Field Visit Report: The Blooming Burren Flowers

Submitted by admin on Sun, 05/10/2015 - 01:26
Blooming Burren

Report written by Frank McGourty, Secretary IBIOLI


On the 6th of May, 2015, the Institute of Biology of Ireland members were again warmly welcomed by Richard Morris on behalf of BurrenBeo (www.burrenbeo.com), the organisers of today’s walk as part of the Burren in Bloom series of walks and talks. Almost 50 people from USA, UK, and many parts of Ireland, turned out for this walk under the iconic Mullaghmore mountain, and through the Burren National Park.

The Institute of Biology of Ireland (www.ibioli.net) members were again warmly welcomed by Richard Morris on behalf of BurrenBeo (www.burrenbeo.com), the organisers of today’s walk as part of the Burren in Bloom series of walks and talks. Almost 50 people from USA, UK, and many parts of Ireland, turned out for this walk under the iconic Mullaghmore mountain. The afternoon was filled with glorious sunshine despite experiencing rather inclement weather in the morning. Decked out in appropriate clothing and walking shoes, we all met at Gortlecka Cross at 2.15pm. Three guides were assigned to the group, Ann, Eamon and Emma. At their suggestion, we divided into 3 almost even groups.

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View of Mulloughmore, the Burren.
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Blue Gentian
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Stone walls in the Burren

After an introductory talk from Richard, BurrenBeo co-ordinator, Emma led off and guided 18 others and myself to explore the flowers in bloom. Anne and Eamonn moved off in different directions with their respective groups to meet up again after 2 hours of working our ways through the hazel scrub, over the limestone pavements and across the cowslip-clad grassland. We encountered a great variety of plants, each of which were spoken about by Emma with such an enthusiastic interest that it became infectious. She explained the relationships between the natural environment of the Burren, and the work, not only by BurrenBeo’s management of the National Park, but also, in particular, the engagement of the local community and farmers. She explained the concept of the Winterage programme. No silage is used to feed the cattle during winter. The cattle are moved to the uplands and fed specially compounded concentrate. Grazing the available herbage provides the roughage element of the diet. The rocks act as major ‘storage heaters’ slowly releasing the summer sun’s energy, shelter is provided by the hazel scrub and, by way of return, the grazing density and regime favours the early growth of the flowers which we were now enjoying. Livestock are returned to the lowlands for late Spring and Summer.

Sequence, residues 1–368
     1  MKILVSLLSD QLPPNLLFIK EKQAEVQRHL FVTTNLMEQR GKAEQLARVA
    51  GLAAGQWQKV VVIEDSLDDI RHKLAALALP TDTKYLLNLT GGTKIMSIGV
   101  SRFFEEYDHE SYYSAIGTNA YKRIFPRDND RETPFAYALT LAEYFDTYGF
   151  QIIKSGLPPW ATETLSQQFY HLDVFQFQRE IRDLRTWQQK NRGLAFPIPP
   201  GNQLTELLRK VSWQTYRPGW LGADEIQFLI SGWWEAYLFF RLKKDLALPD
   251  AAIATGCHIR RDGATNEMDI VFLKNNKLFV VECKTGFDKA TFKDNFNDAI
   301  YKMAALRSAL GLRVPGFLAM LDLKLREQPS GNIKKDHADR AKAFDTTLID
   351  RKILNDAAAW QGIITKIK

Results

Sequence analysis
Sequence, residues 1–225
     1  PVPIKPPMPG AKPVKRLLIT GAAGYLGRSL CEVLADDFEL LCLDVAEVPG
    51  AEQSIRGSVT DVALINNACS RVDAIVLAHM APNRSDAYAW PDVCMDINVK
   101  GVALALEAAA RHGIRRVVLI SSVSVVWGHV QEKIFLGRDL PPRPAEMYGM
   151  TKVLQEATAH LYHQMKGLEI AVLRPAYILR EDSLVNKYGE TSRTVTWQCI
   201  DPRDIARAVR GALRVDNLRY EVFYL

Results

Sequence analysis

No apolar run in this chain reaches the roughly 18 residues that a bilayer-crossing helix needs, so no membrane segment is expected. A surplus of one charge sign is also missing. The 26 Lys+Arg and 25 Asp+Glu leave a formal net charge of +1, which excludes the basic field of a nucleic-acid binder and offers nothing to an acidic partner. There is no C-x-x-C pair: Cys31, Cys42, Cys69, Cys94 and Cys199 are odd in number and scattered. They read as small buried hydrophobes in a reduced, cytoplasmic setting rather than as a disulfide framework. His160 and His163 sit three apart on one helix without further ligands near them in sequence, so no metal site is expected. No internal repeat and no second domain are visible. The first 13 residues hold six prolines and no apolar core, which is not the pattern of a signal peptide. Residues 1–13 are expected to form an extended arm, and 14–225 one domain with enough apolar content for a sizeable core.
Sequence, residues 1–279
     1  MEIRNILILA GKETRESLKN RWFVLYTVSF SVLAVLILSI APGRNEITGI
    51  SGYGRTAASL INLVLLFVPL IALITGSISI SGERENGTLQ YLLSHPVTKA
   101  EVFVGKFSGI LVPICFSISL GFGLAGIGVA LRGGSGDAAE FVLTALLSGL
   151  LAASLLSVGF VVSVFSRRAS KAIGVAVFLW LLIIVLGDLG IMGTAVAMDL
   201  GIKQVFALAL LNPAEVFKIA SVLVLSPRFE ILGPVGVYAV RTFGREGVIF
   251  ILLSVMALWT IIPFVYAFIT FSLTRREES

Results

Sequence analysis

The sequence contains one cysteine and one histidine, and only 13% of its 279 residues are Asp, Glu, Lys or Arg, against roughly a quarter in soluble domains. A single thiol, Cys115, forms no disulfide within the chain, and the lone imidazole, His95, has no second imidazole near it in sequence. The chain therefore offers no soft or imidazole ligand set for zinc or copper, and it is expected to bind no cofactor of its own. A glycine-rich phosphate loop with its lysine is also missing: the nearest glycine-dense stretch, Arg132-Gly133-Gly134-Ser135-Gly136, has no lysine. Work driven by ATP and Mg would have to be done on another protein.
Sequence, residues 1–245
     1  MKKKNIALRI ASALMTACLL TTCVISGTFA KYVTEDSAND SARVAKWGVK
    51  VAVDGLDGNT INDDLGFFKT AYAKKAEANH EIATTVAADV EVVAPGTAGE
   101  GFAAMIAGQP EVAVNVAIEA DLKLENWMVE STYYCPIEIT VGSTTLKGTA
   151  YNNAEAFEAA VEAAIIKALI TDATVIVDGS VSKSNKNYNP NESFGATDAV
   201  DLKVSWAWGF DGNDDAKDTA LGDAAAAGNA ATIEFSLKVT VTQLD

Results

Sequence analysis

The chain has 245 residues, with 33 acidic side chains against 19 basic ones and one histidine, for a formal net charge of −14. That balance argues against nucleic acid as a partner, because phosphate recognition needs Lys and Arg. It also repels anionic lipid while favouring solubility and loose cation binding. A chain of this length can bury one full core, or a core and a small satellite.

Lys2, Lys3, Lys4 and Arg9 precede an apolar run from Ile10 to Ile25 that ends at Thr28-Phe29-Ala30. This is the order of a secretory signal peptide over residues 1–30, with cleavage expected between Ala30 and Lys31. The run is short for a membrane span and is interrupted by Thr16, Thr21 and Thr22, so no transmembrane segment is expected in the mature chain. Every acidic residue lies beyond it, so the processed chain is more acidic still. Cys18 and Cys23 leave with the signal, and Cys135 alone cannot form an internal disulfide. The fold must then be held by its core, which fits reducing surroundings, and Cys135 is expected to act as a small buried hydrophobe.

We identified Wild Strawberry, Wood Anemone, Dog Violet, Mountain Avens (an Alpine plant with oak-like leaves), and Hazel and Ash shrubs and trees (clad with so many lichen varieties). On the limestone pavements we identified Wall Lettuce, Rusty-backed Fern, Harts Tongue Fern and Wall Rue ferns. In the grikes (the E-W cracks on the limestone pavement), some pink-flowered Herb Robert battled for survival space with Burnet Rose and the occasional Carlisle Thistle. The occurrence of Wild Thyme cladding a few small ant hills stimulated debate about this association. The Wood Sage that flourished in the open space seemed to be out of place as it is a woodland, shade plant; however Emma explained that clearing of hazel scrub (an environmental management strategy) had recently been undertaken in that area.

As we stood on the limestone pavement we were given a brief overview of the geology of the Burren; the age of the limestone rock is 350 million years and was formed in warm seas near the Equator. Over that period of time, due to tectonic plate movements edging us on average 3cm per year, we are where we are now. I kept thinking what would it like to be right now in the Bahamas!! Under foot we found fossils of coral that flourished then in those same seas. In a shallow water-filled depression in the limestone, some Nostoc was identified. Nostoc is a genus of cyanobacteria found in a variety of environmental niches that forms colonies composed of filaments of moniliform cells in a gelatinous sheath. These bacteria contain photosynthetic pigments in their cytoplasm to perform photosynthesis. Weak acids produced by the Nostoc colonies help to erode the limestone to form the depression in which they can thrive.

The meadow area was covered with Cowslip plants. Many Primrose plants were also discovered towards the edes of the field and in depressions. The ‘pin-eye’ and ‘thrum-eye’ characteristics of the Primrose that ensures cross-pollination were identified. Occasionally, cross fertilisation between the Primrose and the Cowslip results in the False Oxslip – also found there. Other plants found included Bugle, Cat Paw, Milkwort, Oxeye Daisy, Blue Moor Grass, Silverweed, Tormentil and Common Spotted Orchid. But a visit to the Burren would not be complete without an encounter with the Alpine plant, Spring Gentian. And if as planned, there it was just under foot offering us that that majestic blue, unforgetable colour. The day was not yet over. We retired to ‘Fr Ted’s’ house just 2 Km further up the road where “Mrs Doyle” served home made scones, chocolate cookies, cinnamon-flavoured apple pie, and tea.